Sodium Tripolyphosphate: An excipient with intrinsic in vitro anti-Candida activity

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Abstract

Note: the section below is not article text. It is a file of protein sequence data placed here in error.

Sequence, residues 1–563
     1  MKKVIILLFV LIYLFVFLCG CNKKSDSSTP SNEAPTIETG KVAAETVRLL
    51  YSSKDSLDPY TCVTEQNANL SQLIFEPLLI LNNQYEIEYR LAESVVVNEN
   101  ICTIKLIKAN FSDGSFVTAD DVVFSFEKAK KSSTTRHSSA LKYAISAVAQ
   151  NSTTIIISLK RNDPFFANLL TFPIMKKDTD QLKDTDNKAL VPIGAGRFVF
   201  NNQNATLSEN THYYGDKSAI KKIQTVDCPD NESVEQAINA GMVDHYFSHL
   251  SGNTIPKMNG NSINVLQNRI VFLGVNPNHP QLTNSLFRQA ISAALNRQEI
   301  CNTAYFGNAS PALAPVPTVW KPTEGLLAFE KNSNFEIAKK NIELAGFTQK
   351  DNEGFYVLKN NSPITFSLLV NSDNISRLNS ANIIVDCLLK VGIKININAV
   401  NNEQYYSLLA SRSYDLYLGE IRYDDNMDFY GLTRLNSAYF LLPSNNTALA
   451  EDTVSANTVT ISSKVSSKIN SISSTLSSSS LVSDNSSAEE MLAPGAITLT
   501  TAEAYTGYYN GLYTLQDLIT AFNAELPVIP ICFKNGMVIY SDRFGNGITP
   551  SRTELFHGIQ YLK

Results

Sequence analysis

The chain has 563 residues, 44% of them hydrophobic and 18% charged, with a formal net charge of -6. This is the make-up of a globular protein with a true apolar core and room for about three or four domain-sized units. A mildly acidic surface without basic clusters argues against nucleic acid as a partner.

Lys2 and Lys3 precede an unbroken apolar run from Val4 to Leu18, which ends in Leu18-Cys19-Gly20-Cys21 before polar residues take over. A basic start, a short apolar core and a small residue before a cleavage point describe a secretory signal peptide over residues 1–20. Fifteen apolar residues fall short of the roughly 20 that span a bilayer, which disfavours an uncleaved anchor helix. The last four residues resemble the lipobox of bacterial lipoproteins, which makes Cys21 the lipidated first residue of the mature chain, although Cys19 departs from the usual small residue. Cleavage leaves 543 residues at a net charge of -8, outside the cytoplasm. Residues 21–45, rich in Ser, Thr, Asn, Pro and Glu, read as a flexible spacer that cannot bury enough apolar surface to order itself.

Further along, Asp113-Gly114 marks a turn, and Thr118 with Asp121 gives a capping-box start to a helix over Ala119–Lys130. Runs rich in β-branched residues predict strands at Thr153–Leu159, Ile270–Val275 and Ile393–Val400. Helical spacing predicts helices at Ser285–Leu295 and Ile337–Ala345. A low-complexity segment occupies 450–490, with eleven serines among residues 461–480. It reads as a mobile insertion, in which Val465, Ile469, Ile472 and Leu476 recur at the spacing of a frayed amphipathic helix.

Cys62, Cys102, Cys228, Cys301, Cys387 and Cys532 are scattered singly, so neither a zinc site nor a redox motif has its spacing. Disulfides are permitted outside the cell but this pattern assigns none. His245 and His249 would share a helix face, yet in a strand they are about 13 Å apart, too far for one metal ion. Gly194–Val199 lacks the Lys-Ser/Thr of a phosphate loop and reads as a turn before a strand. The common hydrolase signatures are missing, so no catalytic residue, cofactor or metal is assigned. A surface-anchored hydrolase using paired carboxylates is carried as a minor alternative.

Sodium Tripolyphosphate (STPP) is a food additive that is being used in the development of micro and nanoparticles as it induces ionic interactions with chitosan molecules. Although the ability of STPP to inhibit the growth of several food contaminants has been reported, studies on its activity against clinical isolates are scarce. Candida spp. are common causative agents of mucocutaneous infections including the vulvovaginal tegument and new therapeutic approaches are needed in order to treat resistant and recurrent cases. The aim of this study was to evaluate in vitro both antifungal (anti-Candida spp.) activity, and cytotoxicity, on human dermal fibroblasts, of STPP solutions. STPP showed an inhibitory species-dependent activity against several Candida spp. strains being particularly active on C. glabrata, followed by C. guilliermondii. In vitro, STPP showed a concentration dependent cytotoxicity. Therefore STPP use, in low concentrations, seems to be interesting in the development of drug delivery systems for the treatment of vulvovaginal candidosis.

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